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Published Thursday, February 4, 2016

At Age 107, Joe Bach is the Oldest Survivor

By Sharon Loveridge

Front row, from left: Irene Bach and Joe Bach; back row, from left: Ina Navazelskis, an oral historian from the U.S. Holocaust Memorial Museum, and Sharon Loveridge.

When you first meet Joe Bach, you immediately notice his warm smile and gentle touch. At the age of 107, Joe – a resident at the Leonard Florence Center for Living in Chelsea – and his wife Irene, who is a young and very beautiful 90 – go for walks, hold hands in the café and enjoy spending time together, after being married for 68 years.

Joe had been living at the Center for about one month when I went in to say hello, as I had done many times before. That day, however, was different. Instead of the usual chat back and forth, he asked me to sit beside him, and began sharing memories, including those from his life during the Holocaust when his entire family were killed by the Nazis. Every single one of them. As I sat, listened and held his hand, tears welled up in my eyes. I had no idea that the man sitting in front of me had gone through so much. In all my years, he was also the first survivor that I had met.

I left his room and didn’t know what to do. I was so touched that he had shared that with me. I also knew that the world needed to hear his story.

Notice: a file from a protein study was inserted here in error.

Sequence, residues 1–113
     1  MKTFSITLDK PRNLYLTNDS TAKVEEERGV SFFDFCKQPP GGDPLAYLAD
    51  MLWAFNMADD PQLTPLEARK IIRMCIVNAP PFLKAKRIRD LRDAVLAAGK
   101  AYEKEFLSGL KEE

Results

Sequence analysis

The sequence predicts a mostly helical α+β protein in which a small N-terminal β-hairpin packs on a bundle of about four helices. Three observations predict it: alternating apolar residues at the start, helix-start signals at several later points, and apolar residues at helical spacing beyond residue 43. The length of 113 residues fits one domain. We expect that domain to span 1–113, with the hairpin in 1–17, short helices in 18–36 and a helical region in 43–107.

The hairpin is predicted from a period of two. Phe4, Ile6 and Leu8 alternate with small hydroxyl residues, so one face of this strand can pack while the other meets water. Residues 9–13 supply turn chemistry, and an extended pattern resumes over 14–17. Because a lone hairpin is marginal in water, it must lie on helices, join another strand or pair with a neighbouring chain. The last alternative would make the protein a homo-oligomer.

Considering his age, I thought that perhaps he could be the oldest living survivor; together with Chelsea Jewish Foundation CEO Barry Berman and the Bach family, we decided to explore this further. I reached out to the U.S. Holocaust Memorial Museum in Washington, D.C., and told them Joe’s story. I asked them if Joe could possibly be the oldest living survivor, but because of incomplete record keeping, they could not confirm this fact.

When Steven Vitto, a researcher from the Museum, emailed Joseph’s papers and documentation that showed he had boarded a ship to the U.S. in 1951, I shared them with Joe’s family. Joe’s daughter, Naomi Faymen, was thrilled that the Museum was interested in her parents’ story. Her nephew, Matthew Bloch, had sent videos (of interviews he had done with both of his grandparents back in 2006) to the Museum, but had never heard back. Matthew shared the interviews with me, and I sent them to Washington, D.C., for validation.

The falsified documents from 1942 that saved Irene Bach’s life

A few weeks later, I received a call from Ina Navazelskis, an oral historian at the Museum, telling me that she had “fallen in love” with Joe, that the interviews were validated and that she would like to interview both of them in person.

In December, Ina and her videographer arrived at the Leonard Florence Center and spent the day taping and interviewing Joe and Irene. Several family members were there as well. Irene showed the falsified papers from 1942 that ended up saving her life; the document had her real picture and fingerprints, but her name and religion had been changed by a friend. It was chilling to hold that document in my hands.

Ina confirmed that Joe Bach is the oldest living survivor that the Museum has ever interviewed, and said that the interviews will be available online as well as in the Holocaust Museum.

Although the interviews lasted four hours, Joe and Irene did not seem at all tired. It was an emotional day, but also an important one – Joe and Irene’s story made history.

Sharon Loveridge is the Activity Services Director at Chelsea Jewish Foundation.

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